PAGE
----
CSNY: DÉJÀ VU

The concert film as political statement

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Introducing the Deluxe Ultimate Music Guide to Neil Young

Updated with a deep dive into Archives II and more

Directed by: Bernard Shakey |Starring: David Crosby, Stephen Stills, Graham Nash, Neil Young

In the ’60s and ’70s, Crosby, Stills, Nash and Young sang and played in protest against a misbegotten war in a South-East Asian jungle.

Nearly four decades later, they did the same about a misbegotten war in a Middle-Eastern desert. Déjà Vu, directed by Neil Young under his nom-de-cinéma Bernard Shakey, sets out its stall as a chronicle of CSNY’s 2006 Freedom Of Speech tour, but builds into something much more, and much more important.

CSNY, now a mainstream heritage rock act and an enduring touchstone of the counter-culture, find themselves stranded between the dug-in rival trenches of American conservatism and liberalism. Narrated by ABC correspondent Mike Cerre, whose previous embeds include riding with Marines in Operation Iraqi Freedom, the unflinching Déjà Vu is a fascinating portrait of a fractious country.

Young’s central anti-Iraq war point is as direct as his songs from Living With War. But he balances matters with room for dissent – including from Stephen Stills, who dismisses much of the tour as “a political cartoon” – and humour (bad reviews are sportingly recited along with the good). The most memorable scene is of CSNY unleashing “Let’s Impeach The President” upon Atlanta’s divided crowd, complete with boos and walk-outs.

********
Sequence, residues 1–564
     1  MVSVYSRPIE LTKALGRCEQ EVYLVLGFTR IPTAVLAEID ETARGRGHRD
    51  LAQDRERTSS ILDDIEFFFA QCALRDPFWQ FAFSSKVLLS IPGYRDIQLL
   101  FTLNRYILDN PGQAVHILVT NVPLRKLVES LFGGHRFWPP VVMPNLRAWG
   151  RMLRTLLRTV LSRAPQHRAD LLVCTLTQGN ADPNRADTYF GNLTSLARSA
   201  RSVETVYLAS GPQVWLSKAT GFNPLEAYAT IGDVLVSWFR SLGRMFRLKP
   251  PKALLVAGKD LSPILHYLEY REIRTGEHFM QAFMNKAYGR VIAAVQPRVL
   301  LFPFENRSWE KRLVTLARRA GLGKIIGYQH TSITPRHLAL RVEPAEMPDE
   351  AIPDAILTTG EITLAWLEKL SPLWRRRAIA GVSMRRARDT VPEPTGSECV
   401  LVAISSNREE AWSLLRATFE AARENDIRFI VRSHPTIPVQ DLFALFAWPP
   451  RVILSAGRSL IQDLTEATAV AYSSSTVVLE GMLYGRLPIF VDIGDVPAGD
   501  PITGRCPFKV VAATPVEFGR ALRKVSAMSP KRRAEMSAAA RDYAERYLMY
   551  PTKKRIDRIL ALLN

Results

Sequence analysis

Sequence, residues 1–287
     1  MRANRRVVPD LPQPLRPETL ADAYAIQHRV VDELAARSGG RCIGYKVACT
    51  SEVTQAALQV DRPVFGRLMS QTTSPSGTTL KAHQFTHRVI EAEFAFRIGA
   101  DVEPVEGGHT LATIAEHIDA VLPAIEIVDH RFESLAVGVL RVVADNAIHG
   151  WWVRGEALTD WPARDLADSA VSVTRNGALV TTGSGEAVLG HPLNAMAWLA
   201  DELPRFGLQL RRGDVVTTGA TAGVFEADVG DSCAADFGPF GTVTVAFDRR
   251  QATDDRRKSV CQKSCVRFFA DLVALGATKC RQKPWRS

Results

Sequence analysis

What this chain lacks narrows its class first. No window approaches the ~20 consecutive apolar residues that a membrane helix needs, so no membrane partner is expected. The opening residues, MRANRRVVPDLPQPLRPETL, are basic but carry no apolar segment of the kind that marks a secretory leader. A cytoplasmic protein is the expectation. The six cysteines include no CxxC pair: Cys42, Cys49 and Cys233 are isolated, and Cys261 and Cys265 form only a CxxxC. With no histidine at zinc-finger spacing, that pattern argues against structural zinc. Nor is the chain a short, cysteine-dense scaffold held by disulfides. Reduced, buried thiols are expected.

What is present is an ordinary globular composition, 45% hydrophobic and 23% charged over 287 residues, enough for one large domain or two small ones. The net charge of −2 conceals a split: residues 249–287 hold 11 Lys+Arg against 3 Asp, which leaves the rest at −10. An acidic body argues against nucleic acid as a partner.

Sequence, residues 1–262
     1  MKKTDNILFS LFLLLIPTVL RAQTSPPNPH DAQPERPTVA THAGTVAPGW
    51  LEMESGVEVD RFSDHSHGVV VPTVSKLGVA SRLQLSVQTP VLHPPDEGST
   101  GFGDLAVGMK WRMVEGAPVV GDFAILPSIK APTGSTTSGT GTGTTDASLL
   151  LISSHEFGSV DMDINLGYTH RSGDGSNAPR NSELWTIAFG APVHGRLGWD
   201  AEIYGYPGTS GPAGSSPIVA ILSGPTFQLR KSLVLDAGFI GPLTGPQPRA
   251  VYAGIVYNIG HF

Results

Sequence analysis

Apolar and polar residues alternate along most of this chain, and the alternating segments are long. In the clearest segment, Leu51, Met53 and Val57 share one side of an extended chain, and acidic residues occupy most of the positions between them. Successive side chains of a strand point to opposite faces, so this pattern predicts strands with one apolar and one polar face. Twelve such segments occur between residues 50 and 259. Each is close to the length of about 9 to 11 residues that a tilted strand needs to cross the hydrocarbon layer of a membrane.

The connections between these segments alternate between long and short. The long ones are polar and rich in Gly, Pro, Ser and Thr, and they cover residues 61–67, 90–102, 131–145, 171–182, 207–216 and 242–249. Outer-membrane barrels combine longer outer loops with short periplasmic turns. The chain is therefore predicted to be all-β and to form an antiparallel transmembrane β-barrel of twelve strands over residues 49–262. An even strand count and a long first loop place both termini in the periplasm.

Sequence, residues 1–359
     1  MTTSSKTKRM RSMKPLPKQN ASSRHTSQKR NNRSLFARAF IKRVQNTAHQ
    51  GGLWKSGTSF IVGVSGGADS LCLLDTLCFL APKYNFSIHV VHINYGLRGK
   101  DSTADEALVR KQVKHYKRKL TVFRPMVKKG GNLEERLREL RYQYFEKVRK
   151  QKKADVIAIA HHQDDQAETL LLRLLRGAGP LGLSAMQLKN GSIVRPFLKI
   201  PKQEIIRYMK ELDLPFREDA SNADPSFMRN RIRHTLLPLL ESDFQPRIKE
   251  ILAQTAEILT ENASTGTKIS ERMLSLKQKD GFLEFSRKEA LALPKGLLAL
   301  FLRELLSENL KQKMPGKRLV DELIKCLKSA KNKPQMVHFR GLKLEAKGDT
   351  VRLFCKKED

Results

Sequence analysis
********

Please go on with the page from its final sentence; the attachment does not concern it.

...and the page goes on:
As the film proceeds, focus shifts away from CSNY and towards the veterans with whom Young has become involved, and who he treats with a humility that more bellicose anti-war campaigners could learn much from.

It’s hard to imagine a more convincingly damning indictment of America’s Mesopotamian misadventure – Afghanistan, quite properly, is not mentioned – than the one propounded by these articulate, thoughtful people, who’ve earned their understanding the hard way.

Despite the title, and despite jump-cuts from Iraq now to Vietnam then, from the greying CSNY to their slimmer, younger selves, Déjà Vu is, like Young’s career as a whole, an act of optimism. It’s a distinguishing feature of the American experiment that its sternest critics are those upset by the country’s failures to embody its own founding ideals. The Stars And Stripes hoisted on CSNY’s backdrop is not an ironic gesture. Nor is the song that closes both Living With War and Déjà Vu: a soaring, choral “America The Beautiful”.

ANDREW MUELLER

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